Finance Minister Laments ‘Low Local Investor Participation’
Most assets on Ghana's markets are held by foreigners and this could lend the country's financial markets to shocks, the maiden Africa Financial Markets Index launched in Washington D.C. recently has revealed.
Owing to the development, it said any time investors decide to repatriate all their investments at a go, that could mount severe pressure on the local currency and possibly trigger depreciation.
The research, conducted by independent think tank OMFIF and the Barclays Africa Group, tracked the performances of financial markets in 17 African countries.
It was hinged on six main pillars – market depth, access to foreign exchange, market transparency and regulation, capacity of local investors, macroeconomic opportunity and enforceability of international financial agreements.
The study also covered Botswana, Egypt, Ethiopia, Ghana, Ivory Coast, Kenya, Mauritius, Morocco, Mozambique, Namibia, Nigeria, Rwanda, Seychelles, South Africa, Tanzania, Uganda and Zambia.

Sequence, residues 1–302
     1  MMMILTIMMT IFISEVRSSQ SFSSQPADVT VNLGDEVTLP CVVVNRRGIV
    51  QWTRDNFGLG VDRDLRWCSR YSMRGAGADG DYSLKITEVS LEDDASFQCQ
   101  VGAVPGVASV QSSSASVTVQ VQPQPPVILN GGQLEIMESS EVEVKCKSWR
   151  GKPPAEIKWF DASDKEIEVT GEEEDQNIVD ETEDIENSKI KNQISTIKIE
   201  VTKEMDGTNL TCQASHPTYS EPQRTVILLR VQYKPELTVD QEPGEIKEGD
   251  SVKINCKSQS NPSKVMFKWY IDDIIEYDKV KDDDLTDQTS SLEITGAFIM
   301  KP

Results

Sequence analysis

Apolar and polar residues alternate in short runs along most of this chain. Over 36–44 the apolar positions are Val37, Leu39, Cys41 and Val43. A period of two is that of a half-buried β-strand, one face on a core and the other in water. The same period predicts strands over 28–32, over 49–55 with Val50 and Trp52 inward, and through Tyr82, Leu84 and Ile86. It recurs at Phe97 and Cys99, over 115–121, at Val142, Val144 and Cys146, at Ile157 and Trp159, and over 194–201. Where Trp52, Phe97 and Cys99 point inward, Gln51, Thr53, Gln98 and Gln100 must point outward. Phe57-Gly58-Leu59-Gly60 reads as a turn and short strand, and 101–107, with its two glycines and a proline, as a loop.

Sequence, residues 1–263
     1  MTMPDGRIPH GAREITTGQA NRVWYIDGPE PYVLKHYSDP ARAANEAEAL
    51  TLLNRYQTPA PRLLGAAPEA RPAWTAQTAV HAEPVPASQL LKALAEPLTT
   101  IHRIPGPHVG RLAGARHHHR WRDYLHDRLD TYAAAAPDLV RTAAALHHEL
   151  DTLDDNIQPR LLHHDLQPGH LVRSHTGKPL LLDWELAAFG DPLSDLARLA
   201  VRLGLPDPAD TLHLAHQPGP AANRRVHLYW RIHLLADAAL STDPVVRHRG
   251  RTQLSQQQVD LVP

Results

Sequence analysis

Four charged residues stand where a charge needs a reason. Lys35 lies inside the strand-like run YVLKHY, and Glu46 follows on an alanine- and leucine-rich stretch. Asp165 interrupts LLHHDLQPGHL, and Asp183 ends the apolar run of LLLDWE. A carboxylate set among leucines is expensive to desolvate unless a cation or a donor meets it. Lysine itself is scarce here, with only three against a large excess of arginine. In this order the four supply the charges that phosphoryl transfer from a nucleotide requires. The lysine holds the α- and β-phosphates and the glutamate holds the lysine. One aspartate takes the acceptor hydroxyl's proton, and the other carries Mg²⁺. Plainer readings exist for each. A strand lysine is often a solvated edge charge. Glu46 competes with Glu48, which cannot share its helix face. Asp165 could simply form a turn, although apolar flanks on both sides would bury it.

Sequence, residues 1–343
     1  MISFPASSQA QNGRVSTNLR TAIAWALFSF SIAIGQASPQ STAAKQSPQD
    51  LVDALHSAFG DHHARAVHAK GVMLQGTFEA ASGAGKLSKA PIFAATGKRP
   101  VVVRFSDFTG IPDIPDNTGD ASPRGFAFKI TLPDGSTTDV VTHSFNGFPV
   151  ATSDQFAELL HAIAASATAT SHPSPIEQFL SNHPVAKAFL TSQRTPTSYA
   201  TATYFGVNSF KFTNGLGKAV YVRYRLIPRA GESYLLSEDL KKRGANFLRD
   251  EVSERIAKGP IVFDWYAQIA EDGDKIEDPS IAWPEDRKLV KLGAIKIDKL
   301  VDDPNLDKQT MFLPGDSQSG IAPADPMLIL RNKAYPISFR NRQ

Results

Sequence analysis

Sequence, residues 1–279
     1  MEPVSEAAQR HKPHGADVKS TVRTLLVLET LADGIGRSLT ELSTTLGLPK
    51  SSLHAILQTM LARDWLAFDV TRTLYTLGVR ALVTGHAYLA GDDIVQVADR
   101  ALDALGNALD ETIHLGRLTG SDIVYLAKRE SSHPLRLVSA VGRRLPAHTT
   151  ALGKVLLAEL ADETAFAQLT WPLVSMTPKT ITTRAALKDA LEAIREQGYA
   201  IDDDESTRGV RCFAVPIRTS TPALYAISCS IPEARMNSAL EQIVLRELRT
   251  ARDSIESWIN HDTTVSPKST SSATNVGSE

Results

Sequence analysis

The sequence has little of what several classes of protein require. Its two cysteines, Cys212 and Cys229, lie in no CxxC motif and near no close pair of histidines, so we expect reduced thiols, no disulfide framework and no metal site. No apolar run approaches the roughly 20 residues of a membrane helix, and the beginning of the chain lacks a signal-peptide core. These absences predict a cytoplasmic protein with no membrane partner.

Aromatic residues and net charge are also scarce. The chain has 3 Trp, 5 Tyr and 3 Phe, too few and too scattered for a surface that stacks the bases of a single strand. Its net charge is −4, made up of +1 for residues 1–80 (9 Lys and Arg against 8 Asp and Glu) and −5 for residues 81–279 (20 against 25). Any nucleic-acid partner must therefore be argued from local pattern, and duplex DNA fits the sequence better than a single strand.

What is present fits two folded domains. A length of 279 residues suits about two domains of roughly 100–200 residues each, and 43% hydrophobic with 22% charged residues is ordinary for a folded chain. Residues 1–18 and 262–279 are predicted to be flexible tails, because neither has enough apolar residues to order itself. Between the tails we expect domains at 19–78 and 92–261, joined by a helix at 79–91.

Ghana performed poorly in reference to the capacity of local investors or their level of “interest” or 'holding” in securities, stocks and bonds on the capital markets.
Here, Ghana scored 12 out of 100, the lowest mark recorded in all the six pillars the country was reviewed.
It was also ranked 15 out of the 17 countries that were reviewed in the Index that most local investors have not got the right level of savings or disposable incomes to hold most of these assets on the local market.
Ghana was also ranked 7 out of 15 countries that were reviewed on the pillar of legality and enforceability of standard financial markets master agreement, beating other top countries like Namibia Nigeria, Egypt, and Morocco.
The country however made some strong gains in regulation, transparency and tax, ranking 8 of the 17 markets assessed.
In all the country was praised for having a strong potential for growth and possible market leader in the region.
South Africa came up top as the best market in the region for having a highly developed market.
Reacting to the findings, Finance Minister Ken Ofori- Atta, said government would look at how to use some of the pension funds to stimulate local participation in the capital markets.
He added that “government is committed to developing the capital market and encourage local investor interest.”
Maria Ramos, Barclays Africa Chief Executive, also commented that the index provided countries with valuable insights and tools to improve the state of their financial markets.
According to her, countries could do this by broadening and deepening their understanding of the requirements of local and international investors, while also Africa's leaders could develop robust markets for sustainable and inclusive growth.